I was going to do a post on turning saws, but that will wait. I just got my Christmas present to myself from Lee Valley. In the catalog it is labeled the Iltis axe, but I don't know where they got that label from.
It is my new Carving Axe. It is made by the McGowan manufacturing Co. in Tucson, Az. Lee Valley (who has yet to let me down) said I could use it to rough out carvings, or as a camp axe. So I got it. I am very happy I did. It still has to be named; that comes later. I couldn't resist. I picked up a piece of birch I had indoors, dry as a bone; this is not greenwood stuff! In under five minutes I had the spoon blank at right of axe. Unbelievable. The thing is ready to use as it comes from the box. This, to say the least, is unusual. So I spent an hour roughing out a spoon and I was done. Usually it takes me a two-three hours to do it. The axe made the difference.
Note the design of the head. It has a hole or cutout at the bottom. This is called a "bearded" design. So you can put your hand in there, and it's a knife! I used it to good purpose. The edge is very, very good. Amazing. I usually have to spend a couple hours getting a decent edge on store-bought tools. The handle, again amazingly, is laminated birch. The whole thing weighs under a Kilo. The literature says it was designed by one Arlan Lothe, who was caught out deer-hunting in the Montana wilderness with only a hunting knife for tools. So he thought there had to be a better way to do it and there it is. It works as a knife, an axe, and, I suppose, a hammer. It comes with a real leather sheath. Superb. Like all good leather, the fit is now very tight, but it will loosen up.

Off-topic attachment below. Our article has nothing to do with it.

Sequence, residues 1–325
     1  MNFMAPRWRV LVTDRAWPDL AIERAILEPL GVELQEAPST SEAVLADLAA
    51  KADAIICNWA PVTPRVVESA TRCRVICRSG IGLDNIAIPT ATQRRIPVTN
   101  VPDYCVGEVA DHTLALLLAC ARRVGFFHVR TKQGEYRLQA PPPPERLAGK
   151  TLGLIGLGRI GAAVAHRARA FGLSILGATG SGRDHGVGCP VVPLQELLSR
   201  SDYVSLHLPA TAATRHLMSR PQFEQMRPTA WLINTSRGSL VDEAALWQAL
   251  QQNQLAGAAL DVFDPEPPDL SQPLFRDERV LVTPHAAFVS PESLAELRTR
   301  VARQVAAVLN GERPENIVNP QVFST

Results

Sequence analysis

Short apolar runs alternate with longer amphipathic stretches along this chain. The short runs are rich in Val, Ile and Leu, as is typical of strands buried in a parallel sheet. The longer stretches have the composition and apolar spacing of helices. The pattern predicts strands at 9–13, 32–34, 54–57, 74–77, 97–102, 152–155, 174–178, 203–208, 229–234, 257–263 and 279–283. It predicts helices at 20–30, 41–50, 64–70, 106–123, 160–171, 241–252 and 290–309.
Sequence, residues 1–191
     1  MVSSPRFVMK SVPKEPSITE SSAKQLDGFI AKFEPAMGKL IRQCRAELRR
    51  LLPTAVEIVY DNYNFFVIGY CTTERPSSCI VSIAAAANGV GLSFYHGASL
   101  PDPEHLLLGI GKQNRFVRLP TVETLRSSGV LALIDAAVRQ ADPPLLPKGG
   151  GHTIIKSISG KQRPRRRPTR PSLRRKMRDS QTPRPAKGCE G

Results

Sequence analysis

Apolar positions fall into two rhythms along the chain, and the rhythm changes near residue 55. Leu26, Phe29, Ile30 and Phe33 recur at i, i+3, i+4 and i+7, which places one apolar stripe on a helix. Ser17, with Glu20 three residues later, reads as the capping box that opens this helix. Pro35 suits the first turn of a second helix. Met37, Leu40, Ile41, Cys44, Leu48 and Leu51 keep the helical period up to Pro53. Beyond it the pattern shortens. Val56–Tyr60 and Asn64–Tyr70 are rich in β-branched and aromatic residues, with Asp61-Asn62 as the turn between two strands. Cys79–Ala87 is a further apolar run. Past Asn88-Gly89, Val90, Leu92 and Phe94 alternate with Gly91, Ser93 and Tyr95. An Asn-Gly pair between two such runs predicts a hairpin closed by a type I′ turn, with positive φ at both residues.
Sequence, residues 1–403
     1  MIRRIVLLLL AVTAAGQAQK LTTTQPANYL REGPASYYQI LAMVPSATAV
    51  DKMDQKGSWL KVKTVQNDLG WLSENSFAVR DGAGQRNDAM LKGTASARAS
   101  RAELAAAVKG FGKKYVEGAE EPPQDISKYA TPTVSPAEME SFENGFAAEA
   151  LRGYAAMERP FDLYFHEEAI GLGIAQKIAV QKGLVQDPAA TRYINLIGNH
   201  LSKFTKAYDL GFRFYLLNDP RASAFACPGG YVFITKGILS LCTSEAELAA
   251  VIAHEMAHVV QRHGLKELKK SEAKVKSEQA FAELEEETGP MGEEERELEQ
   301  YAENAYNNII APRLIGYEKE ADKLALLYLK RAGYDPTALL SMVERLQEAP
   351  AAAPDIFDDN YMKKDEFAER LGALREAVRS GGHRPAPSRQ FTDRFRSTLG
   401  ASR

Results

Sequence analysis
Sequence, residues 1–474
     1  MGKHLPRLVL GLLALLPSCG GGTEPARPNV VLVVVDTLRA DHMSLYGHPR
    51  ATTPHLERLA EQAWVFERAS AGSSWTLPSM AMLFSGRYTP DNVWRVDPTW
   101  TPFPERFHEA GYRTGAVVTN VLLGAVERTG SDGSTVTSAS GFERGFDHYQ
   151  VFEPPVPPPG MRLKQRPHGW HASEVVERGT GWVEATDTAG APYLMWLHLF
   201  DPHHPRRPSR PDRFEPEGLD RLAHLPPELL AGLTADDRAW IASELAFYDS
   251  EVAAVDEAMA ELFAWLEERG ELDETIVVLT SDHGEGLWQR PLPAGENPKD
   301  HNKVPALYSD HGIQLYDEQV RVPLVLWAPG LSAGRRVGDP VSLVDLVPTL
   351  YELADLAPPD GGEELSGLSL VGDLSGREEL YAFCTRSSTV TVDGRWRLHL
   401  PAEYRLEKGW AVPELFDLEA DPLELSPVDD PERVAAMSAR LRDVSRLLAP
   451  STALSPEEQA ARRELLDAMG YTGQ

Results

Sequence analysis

Very seldom do I see this kind of quality in USA-made tools. It seems that manufacturers have been invaded by MBAs, and axes made by MBAs are really, really, deficient. I applaud McGowan for their standards, and thank Lee Valley once again for their offers.